Obama or Romney: who is better for Australia?

Obama or Romney: who is better for Australia?

TODAY, those US citizens who choose to vote go to the polls. Having spent the last few weeks in America (and getting out of New York just in the nick of time) I have come to the opinion that American politics is far less of a circus than Australian politics.
Australia could learn a great deal from the way in which the run up to the election is conducted. It must also brace itself for the change to come – no matter who wins.
There are those of us, particularly in business, who are looking forward to the outcome, but also to the end of the campaign. The finality of this campaign means that companies – nationally and globally – can get on with the day to day running of their business with less uncertainty.
What is uncertain at the moment is whose policies will affect us: Republican or Democrat?
Leaning towards one Party isn’t as clear-cut as it seems.
Even though the Bush Junior Administration caused many to detest the Republican Party, the current reality is Mitt Romney will be economically far better for the US and better – indirectly – for Australia.
Romney is a successful businessmen; he understands that if entrepreneurs aren’t incentivised there won’t be money for social services. He wants Americans to be accountable and responsible for their lives – which many politicians seek, but few have the courage to make policy.
The reality is whoever becomes President is usually so hamstrung that very little difference or progress can be made.
Obama is the greatest living proof of someone who has been hamstrung. Obama’s reign is proof that the current political system adopted by western societies is deeply flawed, outdated and needs overhauling. It has to be brought into the 21st Century to better serve its citizens.
Obama came to office with great intent and dedication; he had a huge groundswell of support to create change and make America a better country.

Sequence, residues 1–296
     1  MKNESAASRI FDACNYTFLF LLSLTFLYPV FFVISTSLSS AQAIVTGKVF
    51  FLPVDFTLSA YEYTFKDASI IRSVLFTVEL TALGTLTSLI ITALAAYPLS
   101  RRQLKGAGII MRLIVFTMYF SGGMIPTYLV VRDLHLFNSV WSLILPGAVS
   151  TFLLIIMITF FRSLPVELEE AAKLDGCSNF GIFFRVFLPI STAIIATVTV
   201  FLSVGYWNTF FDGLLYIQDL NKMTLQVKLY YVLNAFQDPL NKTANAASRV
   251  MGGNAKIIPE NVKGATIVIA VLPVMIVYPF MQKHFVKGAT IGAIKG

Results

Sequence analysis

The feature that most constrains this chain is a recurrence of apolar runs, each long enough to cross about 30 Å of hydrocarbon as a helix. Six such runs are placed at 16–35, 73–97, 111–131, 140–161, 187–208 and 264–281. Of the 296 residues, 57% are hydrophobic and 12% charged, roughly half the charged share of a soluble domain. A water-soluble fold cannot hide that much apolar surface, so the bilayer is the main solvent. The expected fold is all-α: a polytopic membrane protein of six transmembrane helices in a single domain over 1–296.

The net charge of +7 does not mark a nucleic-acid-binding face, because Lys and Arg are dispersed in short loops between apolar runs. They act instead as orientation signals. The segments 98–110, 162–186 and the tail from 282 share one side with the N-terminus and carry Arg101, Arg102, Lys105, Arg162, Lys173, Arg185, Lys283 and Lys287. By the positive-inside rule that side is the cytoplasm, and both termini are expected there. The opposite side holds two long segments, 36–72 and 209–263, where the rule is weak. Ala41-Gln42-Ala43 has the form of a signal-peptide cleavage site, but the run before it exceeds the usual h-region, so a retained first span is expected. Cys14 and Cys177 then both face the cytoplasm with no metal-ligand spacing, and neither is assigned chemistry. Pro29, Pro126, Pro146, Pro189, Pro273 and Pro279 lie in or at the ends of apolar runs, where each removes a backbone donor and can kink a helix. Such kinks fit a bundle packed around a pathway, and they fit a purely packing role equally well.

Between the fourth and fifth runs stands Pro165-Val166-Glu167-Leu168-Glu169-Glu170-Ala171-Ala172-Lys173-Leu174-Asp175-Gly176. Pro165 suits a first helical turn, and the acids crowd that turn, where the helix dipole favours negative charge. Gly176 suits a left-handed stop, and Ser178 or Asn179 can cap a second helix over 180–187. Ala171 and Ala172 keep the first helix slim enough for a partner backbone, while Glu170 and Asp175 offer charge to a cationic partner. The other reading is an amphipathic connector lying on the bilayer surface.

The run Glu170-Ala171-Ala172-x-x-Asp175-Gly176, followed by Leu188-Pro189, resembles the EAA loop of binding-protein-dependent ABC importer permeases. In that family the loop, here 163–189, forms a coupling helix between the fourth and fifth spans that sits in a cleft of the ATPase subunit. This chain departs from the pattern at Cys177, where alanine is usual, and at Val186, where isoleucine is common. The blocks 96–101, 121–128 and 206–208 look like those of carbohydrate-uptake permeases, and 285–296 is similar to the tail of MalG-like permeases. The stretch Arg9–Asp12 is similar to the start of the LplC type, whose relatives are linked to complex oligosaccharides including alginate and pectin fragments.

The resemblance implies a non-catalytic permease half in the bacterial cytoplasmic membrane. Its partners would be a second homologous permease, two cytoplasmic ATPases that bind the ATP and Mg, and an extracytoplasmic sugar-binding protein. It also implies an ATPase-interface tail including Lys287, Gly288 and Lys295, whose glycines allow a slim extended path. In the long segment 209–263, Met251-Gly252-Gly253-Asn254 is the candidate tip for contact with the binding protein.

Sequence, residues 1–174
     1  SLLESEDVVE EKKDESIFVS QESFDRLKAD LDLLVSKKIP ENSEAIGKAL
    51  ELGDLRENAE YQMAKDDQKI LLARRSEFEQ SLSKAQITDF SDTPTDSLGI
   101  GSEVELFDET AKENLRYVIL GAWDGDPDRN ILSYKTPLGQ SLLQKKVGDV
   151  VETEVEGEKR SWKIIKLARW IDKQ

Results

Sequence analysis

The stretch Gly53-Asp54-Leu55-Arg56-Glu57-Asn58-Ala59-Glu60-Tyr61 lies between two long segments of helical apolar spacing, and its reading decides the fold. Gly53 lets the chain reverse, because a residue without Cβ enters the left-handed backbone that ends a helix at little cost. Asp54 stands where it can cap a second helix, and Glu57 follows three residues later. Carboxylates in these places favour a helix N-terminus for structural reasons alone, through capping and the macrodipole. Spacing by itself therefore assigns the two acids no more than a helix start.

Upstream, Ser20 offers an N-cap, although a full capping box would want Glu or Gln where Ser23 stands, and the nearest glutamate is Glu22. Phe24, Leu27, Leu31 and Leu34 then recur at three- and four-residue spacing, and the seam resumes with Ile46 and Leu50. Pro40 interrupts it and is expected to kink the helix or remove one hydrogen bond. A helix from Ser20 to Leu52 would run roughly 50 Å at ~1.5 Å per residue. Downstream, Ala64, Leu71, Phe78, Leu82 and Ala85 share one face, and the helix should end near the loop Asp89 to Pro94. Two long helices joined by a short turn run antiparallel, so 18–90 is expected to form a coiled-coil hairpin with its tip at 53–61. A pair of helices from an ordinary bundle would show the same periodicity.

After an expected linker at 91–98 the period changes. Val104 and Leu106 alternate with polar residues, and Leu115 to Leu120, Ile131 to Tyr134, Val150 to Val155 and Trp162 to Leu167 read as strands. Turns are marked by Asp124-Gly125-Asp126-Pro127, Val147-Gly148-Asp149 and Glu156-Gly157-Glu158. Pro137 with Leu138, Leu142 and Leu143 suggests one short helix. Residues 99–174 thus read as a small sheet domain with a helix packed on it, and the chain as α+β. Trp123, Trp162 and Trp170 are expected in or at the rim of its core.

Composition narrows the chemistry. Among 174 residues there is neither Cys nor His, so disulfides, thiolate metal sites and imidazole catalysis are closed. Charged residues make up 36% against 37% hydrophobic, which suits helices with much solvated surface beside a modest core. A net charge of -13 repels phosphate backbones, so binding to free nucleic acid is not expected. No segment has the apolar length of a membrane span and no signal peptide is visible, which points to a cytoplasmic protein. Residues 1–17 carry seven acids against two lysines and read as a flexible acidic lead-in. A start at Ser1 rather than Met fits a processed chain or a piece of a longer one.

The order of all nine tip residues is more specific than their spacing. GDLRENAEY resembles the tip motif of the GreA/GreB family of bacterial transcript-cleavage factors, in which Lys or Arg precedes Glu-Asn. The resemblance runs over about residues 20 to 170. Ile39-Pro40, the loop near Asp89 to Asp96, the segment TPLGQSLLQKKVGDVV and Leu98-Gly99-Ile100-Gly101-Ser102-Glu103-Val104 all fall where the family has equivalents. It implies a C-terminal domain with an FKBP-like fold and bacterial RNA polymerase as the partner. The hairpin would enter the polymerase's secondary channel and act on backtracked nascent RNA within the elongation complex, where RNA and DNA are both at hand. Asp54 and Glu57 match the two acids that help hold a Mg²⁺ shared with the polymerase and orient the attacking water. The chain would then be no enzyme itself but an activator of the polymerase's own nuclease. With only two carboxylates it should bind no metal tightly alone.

However he has been disappointing. No doubt he inherited a mess, but he has been unable to turn things around.
I’m tipping Obama to win because America hasn’t undergone enough pain under his regime. They may be cynical towards him, but they will endure another four years in the hope that he is able to bring the change he first promised.
Given another term, Obama must change his economic policies. His current over the top social-welfare agenda will continue to cripple the economy. If he is re-elected and continues with his current program, America’s debt will continue to rise.
The incumbent must eliminate Government waste(meaning smaller, much more efficient Government leading to better services not less) and stimulate the economy by incentivising business to employ more people without the fear of being further taxed.
The same is true for all economies.
Australia unlike America can’t afford another Gillard government term. The damaging economic effects of this government will be felt for a long time; another year of flawed economic policy will do even more damage.
The challenge in Australian politics is to focus less on the individual and more on policy.
Like the US, whoever is our next Prime Minister will be voted in because they are disliked the least
That’s not an intelligent way to decide our economic future.
Australia is doing well more by good fortune then good management, yet this allows many naive politicians and a naive electorate to be fooled by governments claiming credit for the state of our economy (Swan ignores the fact he inherited a $70 billion dollar surplus and turned it into a $250 billion deficit).
Unless political systems are updated and citizens are able to vote directly on policy, we will see little progress, a lot of wasted effort and frustrated voters.
Do we have to go through so much pain before we change? Or can we influence politicians to elevate their thinking above self-interest and get on with creating a better society via stronger political and education systems.
Romney, Obama, Gillard or Abbott, it doesn’t matter.
The political landscape is unlikely to change no matter who wins today or whoever gets the nod next year.
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